Four Little Girls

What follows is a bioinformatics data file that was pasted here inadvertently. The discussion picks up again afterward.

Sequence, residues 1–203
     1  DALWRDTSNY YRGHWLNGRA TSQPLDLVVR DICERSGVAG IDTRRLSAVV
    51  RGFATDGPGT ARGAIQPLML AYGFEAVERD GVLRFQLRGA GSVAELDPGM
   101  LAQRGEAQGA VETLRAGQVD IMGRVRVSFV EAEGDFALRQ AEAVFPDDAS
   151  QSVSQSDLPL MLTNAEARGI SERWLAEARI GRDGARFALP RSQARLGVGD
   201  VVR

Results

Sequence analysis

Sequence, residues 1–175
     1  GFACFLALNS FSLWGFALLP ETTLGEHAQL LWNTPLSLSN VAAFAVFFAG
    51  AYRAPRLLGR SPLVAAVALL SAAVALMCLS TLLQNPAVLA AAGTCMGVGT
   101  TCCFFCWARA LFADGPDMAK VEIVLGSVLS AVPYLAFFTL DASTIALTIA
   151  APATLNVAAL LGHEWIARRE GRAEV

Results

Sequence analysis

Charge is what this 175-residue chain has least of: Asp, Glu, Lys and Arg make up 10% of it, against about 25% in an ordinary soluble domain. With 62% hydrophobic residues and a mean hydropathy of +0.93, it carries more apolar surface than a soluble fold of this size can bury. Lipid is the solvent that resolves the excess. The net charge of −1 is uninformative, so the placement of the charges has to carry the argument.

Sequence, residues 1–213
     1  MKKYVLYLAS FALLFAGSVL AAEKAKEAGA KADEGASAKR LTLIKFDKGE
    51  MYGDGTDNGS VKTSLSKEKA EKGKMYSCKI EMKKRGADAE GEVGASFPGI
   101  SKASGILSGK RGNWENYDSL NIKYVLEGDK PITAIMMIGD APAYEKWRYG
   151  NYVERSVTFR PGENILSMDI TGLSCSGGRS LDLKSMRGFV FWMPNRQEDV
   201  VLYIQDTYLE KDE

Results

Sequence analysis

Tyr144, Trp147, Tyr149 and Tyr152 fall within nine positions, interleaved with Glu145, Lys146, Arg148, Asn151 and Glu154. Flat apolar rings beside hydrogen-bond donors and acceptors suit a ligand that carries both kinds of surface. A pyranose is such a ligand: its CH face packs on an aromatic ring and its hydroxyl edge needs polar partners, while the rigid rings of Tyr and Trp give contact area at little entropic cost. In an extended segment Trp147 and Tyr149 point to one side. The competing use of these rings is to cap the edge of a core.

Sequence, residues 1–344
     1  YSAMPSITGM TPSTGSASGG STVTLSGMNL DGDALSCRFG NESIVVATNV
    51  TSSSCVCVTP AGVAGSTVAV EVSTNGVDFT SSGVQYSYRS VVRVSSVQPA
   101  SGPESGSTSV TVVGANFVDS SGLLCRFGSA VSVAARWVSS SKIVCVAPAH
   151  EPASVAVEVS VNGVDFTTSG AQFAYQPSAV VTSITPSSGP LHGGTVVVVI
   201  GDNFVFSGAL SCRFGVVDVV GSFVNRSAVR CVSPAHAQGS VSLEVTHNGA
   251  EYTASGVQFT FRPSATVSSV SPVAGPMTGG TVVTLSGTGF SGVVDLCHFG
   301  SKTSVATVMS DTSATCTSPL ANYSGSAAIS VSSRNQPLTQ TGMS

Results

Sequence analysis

Eugene “Bull” Connor, Police Commissioner of Safety of Birmingham, Alabama, clearly failed in his own hate-driven campaign against desegregation. Coupled with this failure to extinguish a handful of peaceful protest marches, Bull Connor also failed to appropriate the South’s senselessly racist worldviews with that of the sensible reactionary precautions that would be more relatable to the mainstream media. Bull’s disregard for context and lacking desire to find a progressive solution to the problem exposed the weak-mindedness of those moderates in Birmingham calling for sympathy from the country. Subsequently, Eugene Connor became the catalyst for situational understanding in the region. The media’s freedom during these events allowed a narrative that reflected true human morality and the juxtaposition of tenured human beings with peaceful resistance training involved in positive civil rights reform and the dog-wielding, fire hose-wielding, power-wielding police force gave way for ethical reflection. Quite obviously, in hindsight, Eugene “Bull” Connor’s crusade on Birmingham’s weakest population seemed, to the national public, an atrocity conveying the true instability of desegregation. To characterize his response as anything but listlessly immoral would give credence to an unthinking way of living in which one’s own values have no basis in reality and therefore no respectable place in modern society. One could say Eugene “Bull” Connor was simply following the laws promoting segregation in his state and that that was just but, to the contrary, he was not. Eugene Connor and his police force weren’t even just in the eyes of the law. Eugene and the segregation laws he upheld were not protected by the Supreme Court. In the Brown v. Board of Education Supreme Court case segregation in public schools was deemed unequal and unconstitutional. Eugene’s regime for keeping Alabama segregated went against the Supremacy Clause. This allowed...
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